Novartis' Sandoz bulks up in respiratory as strategic review of the generics outfit rolls on

Even as Novartis puts its generics outfit under a magnifying glass, Sandoz continues to grow. 

Angling to beef up in respiratory medicine and complex generics, Sandoz has acquired British medical and drug delivery device developer Coalesce Product Development, the Novartis unit said Monday. 

The buyout comes as Novartis weighs the future of its copycat drugmaker. Back in October 2021, the Swiss pharma launched a strategic review of Sandoz, aiming to provide an update on its plans by the end of 2022. Sandoz has attracted a suite of reported suitors so far, and Novartis CEO Vas Narasimahn last November confirmed he’d received “various requests for more information [on Sandoz], but no concrete offers."

Sandoz, meanwhile, already has a stake in the respiratory arena, with an existing portfolio of six commercial products “and nearly twice as many more in the pipeline,” the company said in the release announcing the Coalesce acquisition. Sandoz sees the field as a key part of its long-term growth strategy and expects to “actively explore further opportunities both in-house and externally.” 

“Respiratory and complex generics are areas of relatively high unmet medical need due largely to their comparatively high technical complexity,” Sandoz chief executive Richard Saynor said in today's statement.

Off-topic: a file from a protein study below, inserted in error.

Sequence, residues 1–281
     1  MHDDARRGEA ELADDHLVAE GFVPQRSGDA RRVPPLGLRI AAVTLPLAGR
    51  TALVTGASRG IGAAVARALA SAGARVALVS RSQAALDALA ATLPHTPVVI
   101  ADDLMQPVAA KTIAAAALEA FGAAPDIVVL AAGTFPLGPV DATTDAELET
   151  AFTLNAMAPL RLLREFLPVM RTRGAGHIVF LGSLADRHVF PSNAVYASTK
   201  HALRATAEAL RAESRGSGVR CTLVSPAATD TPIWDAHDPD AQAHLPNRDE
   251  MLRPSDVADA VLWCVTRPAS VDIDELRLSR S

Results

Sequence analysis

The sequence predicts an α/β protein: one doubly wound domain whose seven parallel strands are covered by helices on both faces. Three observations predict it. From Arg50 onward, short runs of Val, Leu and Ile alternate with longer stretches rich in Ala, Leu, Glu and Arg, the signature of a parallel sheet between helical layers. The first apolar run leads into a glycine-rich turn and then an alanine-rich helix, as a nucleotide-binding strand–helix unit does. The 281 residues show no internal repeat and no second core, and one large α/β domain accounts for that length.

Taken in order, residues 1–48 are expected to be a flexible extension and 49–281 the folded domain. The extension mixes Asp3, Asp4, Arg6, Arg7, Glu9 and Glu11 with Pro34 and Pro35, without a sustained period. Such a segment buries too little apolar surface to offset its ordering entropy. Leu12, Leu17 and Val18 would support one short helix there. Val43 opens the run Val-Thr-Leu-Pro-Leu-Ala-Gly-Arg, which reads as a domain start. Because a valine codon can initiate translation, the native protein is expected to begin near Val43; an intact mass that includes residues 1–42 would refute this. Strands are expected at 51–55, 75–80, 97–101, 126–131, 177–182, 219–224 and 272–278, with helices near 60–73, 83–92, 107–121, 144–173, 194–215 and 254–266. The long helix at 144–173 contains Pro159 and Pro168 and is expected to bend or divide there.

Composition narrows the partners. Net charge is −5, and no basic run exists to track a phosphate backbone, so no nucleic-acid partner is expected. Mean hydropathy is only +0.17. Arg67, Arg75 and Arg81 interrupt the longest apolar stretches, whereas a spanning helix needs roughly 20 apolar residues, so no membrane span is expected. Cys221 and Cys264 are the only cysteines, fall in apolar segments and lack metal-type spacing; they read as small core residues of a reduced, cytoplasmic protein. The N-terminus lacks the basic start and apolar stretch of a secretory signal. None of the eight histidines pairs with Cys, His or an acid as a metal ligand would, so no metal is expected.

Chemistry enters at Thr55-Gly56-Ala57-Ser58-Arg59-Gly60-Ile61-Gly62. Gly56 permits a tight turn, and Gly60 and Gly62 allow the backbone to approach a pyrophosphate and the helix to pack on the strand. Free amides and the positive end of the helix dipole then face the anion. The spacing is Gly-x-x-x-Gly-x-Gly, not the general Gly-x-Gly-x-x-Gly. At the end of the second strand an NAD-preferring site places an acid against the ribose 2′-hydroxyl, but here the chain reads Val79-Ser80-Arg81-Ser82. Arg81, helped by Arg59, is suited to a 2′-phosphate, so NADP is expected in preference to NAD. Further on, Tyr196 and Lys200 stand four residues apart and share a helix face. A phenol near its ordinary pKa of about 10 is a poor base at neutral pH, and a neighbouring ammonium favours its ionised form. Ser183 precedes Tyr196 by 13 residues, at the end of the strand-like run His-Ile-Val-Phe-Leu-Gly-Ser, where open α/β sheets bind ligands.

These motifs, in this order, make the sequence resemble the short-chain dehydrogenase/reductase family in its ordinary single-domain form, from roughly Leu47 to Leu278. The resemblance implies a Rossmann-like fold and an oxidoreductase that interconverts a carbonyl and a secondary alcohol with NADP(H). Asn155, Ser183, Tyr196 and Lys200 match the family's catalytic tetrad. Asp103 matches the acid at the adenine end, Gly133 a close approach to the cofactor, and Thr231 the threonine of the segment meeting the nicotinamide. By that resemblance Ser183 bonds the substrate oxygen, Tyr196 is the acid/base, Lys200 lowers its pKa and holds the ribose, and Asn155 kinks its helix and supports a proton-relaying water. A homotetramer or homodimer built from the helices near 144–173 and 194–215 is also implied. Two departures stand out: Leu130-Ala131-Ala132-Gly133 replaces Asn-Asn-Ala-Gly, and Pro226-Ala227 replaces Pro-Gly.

“More generally, Sandoz is determined to grow its portfolio in the complex generics space, including complex injectables,” the company added. Overall, Sandoz reaped $9.8 billion in worldwide sales last year.

Respiratory diseases are a leading cause of death and disability worldwide, Sandoz noted in its release. In 2019, asthma, for instance, was estimated to affect around 262 million people. That same year, roughly 3.23 million deaths were attributed to chronic obstructive pulmonary disease.

Coalesce, for its part, came to be in July 2009. The company’s drug delivery know-how and pharma industry connections “led almost immediately to valuable projects and long-term relationships,” Coalesce says on its website.

The company shifted strategies in 2014, moving to develop its own in-house inhaler technologies, Pharmaphorum points out.

Meanwhile, Sandoz’s fate remains up in the air after the rollout of Novartis’ strategic review last fall. As for potential bidders, investor groups Blackstone and Carlyle could team up to make a $25 billion offer for the generics unit, Bloomberg first reported in February.

A Swedish-based investment group and Germany’s Struengmann family have also emerged as possible Sandoz suitors, as reported by German newspaper Handelsblatt last November.

As for other recent Sandoz moves, the generics outfit this March said it was selling off manufacturing operations in Ireland and Canada. First, the company reached a deal to sell its Ringaskiddy campus near Cork, Ireland, to contract manufacturer Sterling Pharma Solutions. Separately, CDMO Delpharm locked up Sandoz's manufacturing plant in Quebec.

Elsewhere, Sandoz could be looking at a sales boost in Europe courtesy of its generic version of Bristol Myers Squibb and Celgene’s megablockbuster Revlimid, which launched in 19 EU countries last month. In early March, Teva Pharmaceuticals became the first drugmaker to launch a Revlimid generic in the U.S.

BMS reported Revlimid revenues of $12.8 billion in 2021. With generic rivals waiting at the gates, BMS expects sales to drop between $9.5 billion and $10 billion in 2022.